S.O.S.

” One thing that makes it possible to be an optimist, is if you have a contingency plan for when all hell breaks loose. There are a lot of things I don’t worry about, because I have a plan in place if they do.”

– Randy Pausch, The Last Lecture

The best laid travel plans…we can painstakingly research, prepare, book, reserve, pack…all hell can still break loose…s*** happens!

Even though we can’t control every potential situation that may arise, with my suggestions and recommendations you will certainly be better prepared “just in case”..

Consider Travel Insurance:

  • I know, I know, we all get cross-eyed just thinking about insurance jargon, but nowadays, it really is a good idea to cover your bases. You’ve invested a good amount of time and resources ($$) into this vacation, isn’t it worth protecting?
  • Check the policies you already have first, such as homeowners, medical, etc. to be sure of what coverage you already have.

    Observe warning signs

    Not lost in translation!

  • Check with your credit card company. Often if you reserved or booked using a credit card, you have some sort of insurance – find out what it is.
  • Fill in the gaps: You can pick and choose coverage for your trip (e.g., medical evacuation, cruise/vacation, flights, etc.)
  • Go with a reputable company such as Travel Guard or TravelEx. Your travel advisor(me!) can help you.
  • Bring insurance information with you (policy numbers, contact information).

Before You Leave Home:

  • Take photos of your bag(s) and contents. That way, if they’re lost and you need to list contents, you have an accurate record.
  • Bring extra reading glasses and meds and pack them in separate bags.
  • Bring copies of your prescriptions, physician contact info, and any other pertinent medical info for every family member.
  • Have a contact list with names, phone numbers and email addresses – you should keep a copy on you and pack a copy. In addition, a trusted relative or friend should have a copy. You can also email a copy to yourself.
  • Pack a carry on with a change of clothes and basic necessities “just in case” your luggage is delayed or lost.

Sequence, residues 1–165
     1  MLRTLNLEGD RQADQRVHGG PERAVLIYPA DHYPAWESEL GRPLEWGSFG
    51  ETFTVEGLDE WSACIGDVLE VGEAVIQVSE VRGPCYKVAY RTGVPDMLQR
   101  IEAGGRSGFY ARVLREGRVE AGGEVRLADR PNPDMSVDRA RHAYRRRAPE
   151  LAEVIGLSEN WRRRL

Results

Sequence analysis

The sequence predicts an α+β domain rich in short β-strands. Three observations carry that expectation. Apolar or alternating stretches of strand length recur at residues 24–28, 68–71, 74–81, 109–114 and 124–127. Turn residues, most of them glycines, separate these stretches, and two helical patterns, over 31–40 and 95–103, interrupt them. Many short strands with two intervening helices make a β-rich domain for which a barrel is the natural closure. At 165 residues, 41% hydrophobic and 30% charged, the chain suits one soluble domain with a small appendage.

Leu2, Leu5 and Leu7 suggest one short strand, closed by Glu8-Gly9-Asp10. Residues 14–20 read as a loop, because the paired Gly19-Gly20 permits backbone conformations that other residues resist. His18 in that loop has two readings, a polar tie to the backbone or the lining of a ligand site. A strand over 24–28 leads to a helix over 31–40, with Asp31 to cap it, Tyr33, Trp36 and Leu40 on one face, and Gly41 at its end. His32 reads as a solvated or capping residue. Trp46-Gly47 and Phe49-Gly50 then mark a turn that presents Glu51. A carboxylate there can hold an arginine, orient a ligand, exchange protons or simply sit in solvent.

• Put ID labels/luggage tags on everything! (I use those return address labels we all get – they come in very handy!)

Lost:

Your Belongings

  • Wallet or purse: Carry only enough cash and ID to get through the day. Secure the rest in your room safe.
  • Remember that hotels/resorts, cruise lines, rental car companies, etc. waiver any responsibility for stolen or lost belongings so be sure to secure everything in your room as well. Put belongings away, zip bags, close drawers, etc.

    Safety drills on a cruise

    Have a plan “just in case”. Better safe than sorry!

  • Passport/ID – only carry a copy, but if your passport is lost or stolen:
  •  Overseas – contact the nearest U.S. Embassy or Consulate.
  • In the U.S.– for more information, click here.

You!

  • Know and areas that are considered unsafe for tourists BEFORE you go. Be sure to book accommodations in safe locations.
  • Don’t wander off alone – any where!
  • Always have a back up plan just in case you get separated from your group or travel partner.
  • Take something with you with the name/address (e.g., business card) of where you’re staying. Take a picture of the hotel entrance/name etc. with your smart phone.
  • If you’re traveling with children, be sure they know what to do if you’re separated. Be sure that they have some sort of ID/contact info on them. Again, have photos of everyone on your smart phone.
  • If you get lost of disoriented, find somewhere public and safe, such as a hotel lobby or coffee shop, and take a break to get your bearings.

Help!

 “In Case of Emergency”: No one wants to think that “the worst could happen to them”, but we all know it does happen to some one…so best to be prepared!

Local authorities are your friends

I love a man in a uniform!

  • Know or carry information on how to contact the local embassy and/or consulate and local authorities.
  • Every family/group member should have emergency contact info on them. If you carry a smart phone (and you should!), you can enter emergency contact info as well enter your hotel information into your contact list.
  • Again, carry a business card or information of some sort from your accommodation so that, if you get lost or disoriented, you have it for reference.
  • If traveling in a foreign country, it doesn’t hurt to know “help!” in their language.

Driving:

  • If you plan on driving a rental, read your rental contract carefully and understand your responsibilities and liabilities.
  • Contact your auto insurance carrier prior to your departure to be sure you have adequate coverage and bring their contact info with you.
  • If driving in a foreign country, you will probably need a temporary drivers license (AAA). Have a working knowledge of the  signage, local driving laws and protocol.
  • Always lock the car and stow any valuables, luggage, bags, etc. out of sight/ in the trunk.

The bottom line? Better safe than sorry!

See: The Savvy Traveler page for more helpful suggestions.

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Do you have any helpful suggestions for staying safe while traveling? Please share!